Pretty Map of Total Precipitable Water

Nerd cartoonist extraordinaire Randall Munroe of XKCD recently began a “What If?” section to his site, in which he answers readers’ questions with SCIENCE. The thoroughness of the answers to seemingly silly questions is impressive, as is the breadth of the man’s ken. My favorite so far is “What would happen if you were to gather a mole (unit of measurement) of moles (the small furry critter) in one place?” which actually came up in a discussion of stoichiometry the other day in the lab.

A recent question, “What if a rainstorm dropped all of its water in a single giant drop?” necessitated an explanation of Total Precipitable Water, which Wikipedia defines as “the depth of water in a column of the atmosphere if all the water in that column were precipitated as rain.” Here’s the diagram from XKCD:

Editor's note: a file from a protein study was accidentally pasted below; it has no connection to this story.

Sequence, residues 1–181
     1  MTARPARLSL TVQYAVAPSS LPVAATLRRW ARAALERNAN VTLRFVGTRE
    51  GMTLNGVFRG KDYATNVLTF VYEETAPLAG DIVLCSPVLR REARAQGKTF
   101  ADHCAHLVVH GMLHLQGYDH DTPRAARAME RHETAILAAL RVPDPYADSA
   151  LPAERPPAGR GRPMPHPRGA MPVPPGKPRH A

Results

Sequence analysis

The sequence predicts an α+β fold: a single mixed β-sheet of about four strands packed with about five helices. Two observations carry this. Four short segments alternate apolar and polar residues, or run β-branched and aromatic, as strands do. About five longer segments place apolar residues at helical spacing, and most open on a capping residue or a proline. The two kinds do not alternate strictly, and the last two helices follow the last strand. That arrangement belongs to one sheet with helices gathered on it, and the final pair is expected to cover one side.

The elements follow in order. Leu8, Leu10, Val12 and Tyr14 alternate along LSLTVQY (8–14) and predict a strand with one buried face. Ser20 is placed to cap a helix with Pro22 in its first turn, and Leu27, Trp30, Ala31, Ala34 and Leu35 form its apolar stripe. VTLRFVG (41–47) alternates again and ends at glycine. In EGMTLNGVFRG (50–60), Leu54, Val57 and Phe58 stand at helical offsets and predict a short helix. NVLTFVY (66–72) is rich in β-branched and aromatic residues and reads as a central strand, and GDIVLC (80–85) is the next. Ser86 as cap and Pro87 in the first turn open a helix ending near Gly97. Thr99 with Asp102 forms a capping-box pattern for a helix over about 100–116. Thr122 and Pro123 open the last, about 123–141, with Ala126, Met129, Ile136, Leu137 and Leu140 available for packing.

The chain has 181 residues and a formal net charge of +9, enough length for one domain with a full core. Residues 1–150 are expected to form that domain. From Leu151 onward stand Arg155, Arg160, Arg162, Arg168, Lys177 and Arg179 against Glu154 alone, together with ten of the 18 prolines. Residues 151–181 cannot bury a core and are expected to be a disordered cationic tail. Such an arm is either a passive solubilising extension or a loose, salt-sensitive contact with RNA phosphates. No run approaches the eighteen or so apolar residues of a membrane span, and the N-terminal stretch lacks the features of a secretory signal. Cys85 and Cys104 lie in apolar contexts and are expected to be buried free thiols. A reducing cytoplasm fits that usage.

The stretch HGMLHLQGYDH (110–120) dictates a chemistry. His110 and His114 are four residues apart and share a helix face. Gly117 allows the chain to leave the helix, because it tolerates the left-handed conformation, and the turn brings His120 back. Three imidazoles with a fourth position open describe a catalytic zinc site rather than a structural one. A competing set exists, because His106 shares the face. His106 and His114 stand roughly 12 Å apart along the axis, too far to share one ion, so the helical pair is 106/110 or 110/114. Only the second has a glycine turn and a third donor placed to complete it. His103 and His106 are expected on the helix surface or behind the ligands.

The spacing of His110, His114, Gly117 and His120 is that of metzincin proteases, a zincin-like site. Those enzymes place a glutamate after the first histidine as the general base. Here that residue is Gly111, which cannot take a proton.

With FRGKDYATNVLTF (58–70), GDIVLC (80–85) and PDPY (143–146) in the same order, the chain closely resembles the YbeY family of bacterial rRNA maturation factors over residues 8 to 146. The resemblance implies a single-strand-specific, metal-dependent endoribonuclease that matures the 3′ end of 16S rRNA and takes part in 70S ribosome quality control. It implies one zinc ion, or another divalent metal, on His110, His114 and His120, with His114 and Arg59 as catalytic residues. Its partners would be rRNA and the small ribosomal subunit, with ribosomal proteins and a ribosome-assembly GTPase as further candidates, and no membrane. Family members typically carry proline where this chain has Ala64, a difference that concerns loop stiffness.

Munroe mentions that satellites measure water vapor and produce some truly beautiful maps, and boy is he is correct. There are more at this site, but below is a GIF that I grabbed at random from their archive:

It’s like the ocean is a lava lamp. Science is beautiful and entertaining.

Monitoring Primates with Aerial Drones

Researchers Lian Pin Koh and Serge Wich are using unmanned airplanes to monitor biodiversity in Sumatra. They demonstrate the use of the system for “real-time mapping of local land cover, monitoring of illegal forest activities, and surveying of large animal species.” The Open Access article in Tropical Conservation Science is freely available here, and the test missions section of their site is definitely worth checking out for videos, pictures, and technical details. Below you can see an orangutan their drone spotted in Aras Napal, Sumatra: